Kung Fu and Cultivation

Some things come to us in a flash, but most things take time and effort before great results are revealed.  In Chinese, they use the word “kung fu” to refer to this slow dedicated practice. For example, if you’ve been practicing, daily for 5 years, eating with chopsticks but you still can’t handle a bowl of noodles, I could say to you, “Your chopstick kung fu sucks!”  But I wouldn’t say that, because that would be mean. Instead, I would give you encouragement to not give up. “Keep practicing that chopstick kung fu. 加油!!”

Would you have the willpower to dedicate 5 years of your life to a single pursuit? What about 50 years? Or how about 150 years? That is what Jhentea has done. Their tea kung fu is strong! And is a story that embodies patience, perseverance, and passion.

Jhentea is a family of tea makers that have spent 4 generations cultivating more than just tea plants. They have been integral in cultivating Taiwan’s tea industry, tea culture, and tea craftmanship. They were one of the firsts in Taiwan to bring over the Wuyi cultivar of tea trees from China’s Fujian province, and are now models of organic farming and living naturally. Having survived wars and political upheavals, they never lost sight of their vision to create the best tea possible in the most natural way possible.

The success of the company is largely due to the incredible women behind it.  Tea Master, Fu Chen, grew up in her family’s established tea business. As a young girl, she looked at the life around her. Days were spent with the hard work of growing tea, and in the evenings the adults were playing mahjong. She had no opportunity to go to school, but she knew she wanted to be more than her initial surroundings. She wanted to be useful, and thus devoted herself to tea. In her pursuit to coax the most liveliness into each cup, her tea has won many competitions, and her efforts brought Jhentea to prominence.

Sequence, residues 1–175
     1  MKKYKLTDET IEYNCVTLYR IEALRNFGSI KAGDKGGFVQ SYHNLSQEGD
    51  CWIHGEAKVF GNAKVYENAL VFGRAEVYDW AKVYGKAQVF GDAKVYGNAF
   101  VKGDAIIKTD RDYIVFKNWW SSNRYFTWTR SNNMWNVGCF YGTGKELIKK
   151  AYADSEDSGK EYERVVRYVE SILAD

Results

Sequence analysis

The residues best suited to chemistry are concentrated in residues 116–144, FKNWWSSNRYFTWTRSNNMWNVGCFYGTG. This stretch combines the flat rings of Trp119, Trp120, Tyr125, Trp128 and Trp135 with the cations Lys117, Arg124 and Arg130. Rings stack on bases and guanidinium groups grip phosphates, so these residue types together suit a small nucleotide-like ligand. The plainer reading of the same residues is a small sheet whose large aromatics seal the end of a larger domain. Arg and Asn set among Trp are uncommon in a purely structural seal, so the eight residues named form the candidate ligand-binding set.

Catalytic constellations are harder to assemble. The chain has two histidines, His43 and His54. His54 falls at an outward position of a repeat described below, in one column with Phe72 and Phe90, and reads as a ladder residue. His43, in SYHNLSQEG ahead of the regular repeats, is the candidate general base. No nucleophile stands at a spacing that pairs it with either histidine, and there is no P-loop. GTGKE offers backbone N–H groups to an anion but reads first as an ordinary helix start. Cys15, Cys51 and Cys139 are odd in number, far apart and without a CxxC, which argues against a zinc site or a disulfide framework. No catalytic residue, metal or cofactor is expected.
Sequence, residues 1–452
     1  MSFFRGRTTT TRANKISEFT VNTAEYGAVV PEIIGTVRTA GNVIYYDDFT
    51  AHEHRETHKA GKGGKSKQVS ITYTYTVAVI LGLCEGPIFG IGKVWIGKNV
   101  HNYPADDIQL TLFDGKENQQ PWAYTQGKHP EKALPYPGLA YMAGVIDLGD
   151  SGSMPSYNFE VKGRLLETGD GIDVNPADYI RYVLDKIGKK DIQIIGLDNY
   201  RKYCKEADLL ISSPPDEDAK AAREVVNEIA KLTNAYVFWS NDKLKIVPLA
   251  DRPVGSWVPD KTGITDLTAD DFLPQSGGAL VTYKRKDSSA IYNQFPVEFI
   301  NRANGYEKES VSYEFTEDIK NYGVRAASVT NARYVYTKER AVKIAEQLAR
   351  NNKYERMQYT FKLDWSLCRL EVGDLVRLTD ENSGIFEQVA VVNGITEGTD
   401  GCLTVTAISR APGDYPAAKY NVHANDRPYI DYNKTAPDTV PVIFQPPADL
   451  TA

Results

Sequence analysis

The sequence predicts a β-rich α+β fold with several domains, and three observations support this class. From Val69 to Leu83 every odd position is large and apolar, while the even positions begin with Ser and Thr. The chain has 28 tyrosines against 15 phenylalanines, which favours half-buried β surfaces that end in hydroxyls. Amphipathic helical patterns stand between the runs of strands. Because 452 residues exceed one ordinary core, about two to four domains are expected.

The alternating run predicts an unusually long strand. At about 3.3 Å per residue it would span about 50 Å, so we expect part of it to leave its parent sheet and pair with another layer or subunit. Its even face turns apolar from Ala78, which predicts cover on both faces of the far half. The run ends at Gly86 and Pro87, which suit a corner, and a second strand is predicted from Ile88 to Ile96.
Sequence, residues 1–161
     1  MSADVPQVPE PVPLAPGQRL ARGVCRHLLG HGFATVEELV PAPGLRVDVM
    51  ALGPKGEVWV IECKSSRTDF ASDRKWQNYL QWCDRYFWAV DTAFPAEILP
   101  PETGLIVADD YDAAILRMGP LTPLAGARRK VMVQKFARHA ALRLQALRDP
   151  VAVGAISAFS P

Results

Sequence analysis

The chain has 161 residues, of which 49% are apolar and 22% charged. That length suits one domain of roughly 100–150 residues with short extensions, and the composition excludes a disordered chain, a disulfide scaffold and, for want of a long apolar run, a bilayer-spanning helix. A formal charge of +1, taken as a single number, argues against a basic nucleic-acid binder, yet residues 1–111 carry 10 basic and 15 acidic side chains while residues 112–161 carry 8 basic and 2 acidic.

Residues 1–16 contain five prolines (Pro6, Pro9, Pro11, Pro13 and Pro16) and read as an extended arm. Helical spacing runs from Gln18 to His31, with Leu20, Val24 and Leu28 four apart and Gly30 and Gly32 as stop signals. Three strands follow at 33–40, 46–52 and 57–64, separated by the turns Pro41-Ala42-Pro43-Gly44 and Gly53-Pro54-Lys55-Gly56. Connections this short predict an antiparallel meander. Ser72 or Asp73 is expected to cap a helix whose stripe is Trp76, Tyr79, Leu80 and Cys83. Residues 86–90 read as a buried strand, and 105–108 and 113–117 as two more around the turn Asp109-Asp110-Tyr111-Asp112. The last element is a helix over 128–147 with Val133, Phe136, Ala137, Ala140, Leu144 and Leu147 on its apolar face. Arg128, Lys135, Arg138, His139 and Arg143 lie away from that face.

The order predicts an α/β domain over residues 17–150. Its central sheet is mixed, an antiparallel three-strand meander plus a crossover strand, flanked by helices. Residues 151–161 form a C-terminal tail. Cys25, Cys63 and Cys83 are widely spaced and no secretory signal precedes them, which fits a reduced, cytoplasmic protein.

Her definition of good tea is similar to her definition of a good life: keep it simple, and keep it natural. Know your place and do your best wherever you are. Not every tea tree planted will be in the most optimal spot on the mountain, but each tree is giving their best. Each leaf will be ready in its own time, and with her wisdom and craft, she knows what each leaf can become and how it should taste when it reaches your pot. For Fu Chen, being in tune with nature, and enjoying this peaceful simplicity equals happiness.

The fourth generation of Jhentea is being led by Tea Master Fu Chen’s daughter, Ai Fang.  She grew up in the business and chose tea as a way of life, sharing the same values as her mom. Good tea is all natural and good for the body. Her skills in firing and roasting tea has won her many competitions, and she knows exactly how to bring out all the varied notes in a tea leaf, keeping any astringency and bitterness at bay. For her, the best part of tasting tea is tasting the story of the leaves. Her experience can tell her if the leaves grew with the help of fertilizers, pesticides, or additives. (That is not good tea.) The way the tea tastes will also tell her how the tea was handled during processing. Her favorite and ideal tea to drink is one that tastes like it was grown and processed with love and care, in a natural environment – which means she likes to drink the tea that she makes!  Even better is that Jhentea is so happy to share their tea kung fu with all of us. A world of knowledge sits in that little sip of tea.

Scroll down to watch a video of these 2 tea masters analyzing tea with a tea tasting.




Leave a Reply

Your email address will not be published. Required fields are marked *